Colour out, bland in

First, it was the Apple logo itself, going from multi-colour to clearly more-elegant-but-oh-so-boring solid black. Now it seems the same is happening to OS X. While the removal of colour can be seen in many apps and system widgets, to me it’s most obvious — and most impacting, and not in a good way — in the Finder.

In Snow Leopard, colour in the Finder’s sidebar played a key role in making it easy to visually identify click targets: The Applications folder was the red and yellow A-shaped icon; my home folder was a white house, the Desktop was the purple galaxy, etc.

Now, in Mountain Lion, while the basic icon shapes are unchanged, the colour is completely gone. The Applications folder, home folder, and Desktop are all now just grey blobs. And even though they have distinct shapes, it was the combination of shape and colour that made each easily distinguishable. As a result, I have a much harder time finding my click target in Mountain Lion, and find myself reading the text next to the icon to make sure that I have the right one.

Where do we go from here?

As noted in the introduction, I generally like Mountain Lion a lot. The issues with the sidebar and colour, however, make using it more work than it should be. At least most of the scroll bar issues can be reversed (but really, they shouldn’t have to be), but adding colour back isn’t so simple. I have hope, though, now that Jonathan Ive is in charge of all user interface design — perhaps we’ll see positive changes in 10.9 and beyond. For the sake of my overly-scrolling fingers and colour-deprived eyes, I hope that’s the case.


By Rob Griffiths (@rgriff). Senior Contributor, Macworld.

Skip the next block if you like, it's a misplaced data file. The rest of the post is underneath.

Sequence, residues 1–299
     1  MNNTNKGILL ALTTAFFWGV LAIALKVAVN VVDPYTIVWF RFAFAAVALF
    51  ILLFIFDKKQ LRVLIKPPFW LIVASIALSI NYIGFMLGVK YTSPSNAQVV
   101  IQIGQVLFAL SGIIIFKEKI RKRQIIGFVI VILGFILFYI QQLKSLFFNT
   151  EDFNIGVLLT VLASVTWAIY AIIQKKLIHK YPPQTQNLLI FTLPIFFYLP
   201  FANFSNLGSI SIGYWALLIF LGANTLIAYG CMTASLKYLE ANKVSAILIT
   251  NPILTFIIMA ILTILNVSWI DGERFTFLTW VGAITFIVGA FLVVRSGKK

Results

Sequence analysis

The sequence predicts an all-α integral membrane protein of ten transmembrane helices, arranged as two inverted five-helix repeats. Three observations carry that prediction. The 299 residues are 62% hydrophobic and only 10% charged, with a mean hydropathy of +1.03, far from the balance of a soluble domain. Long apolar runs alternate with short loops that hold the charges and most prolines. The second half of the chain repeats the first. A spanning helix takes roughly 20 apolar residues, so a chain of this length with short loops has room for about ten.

Former Macworld Senior Editor Rob Griffiths founded Mac OS X Hints. He’s now master of ceremonies at Many Tricks Software.


11 people were compelled to have their say. We encourage you to do the same..

  1. john says:

    these blogs published by macworld are so full of whiny babies

  2. Steve says:

    I totally agree with the “natural” scrolling that is oh-so-unnatural. I also absolutely hate the lack of colour in the finder sidebar! I used to have nice little colourful icons and now its grey. just grey. I can’t even add custom icons to folders and see that reflected in the sidebar. its now just a generic folder icon. Which is simply ridiculous.

  3. Kim says:

    I think it is great that you are prepared to give us the full story, even with the negatives.

    I’ve been thinking of upgrading but am not convinced of the benefits.

    PS. My Lion Finder sidebar has no colour for those icons now… HAve no idea what’s going on there. :-(

  4. Joe says:

    If it is just these two issues that’s pretty good going.
    interestingly, all but the icon colours can be easily addressed by a quick stop in the System Preferences pane:

    Scrolling direction: There has always been the ability to change this direction to suit your preference, as some people prefer the “natural” direction, others, like me, agree with you that touch screens and trackpads are different modalities. Go to System Preferences > Trackpad > Scroll and Zoom and sett the direction to your tastes.

    Visible scroll bar: This can also be amended to suit your taste. Go to System Preferences > General > Show scroll bars. You can choose from one of the three: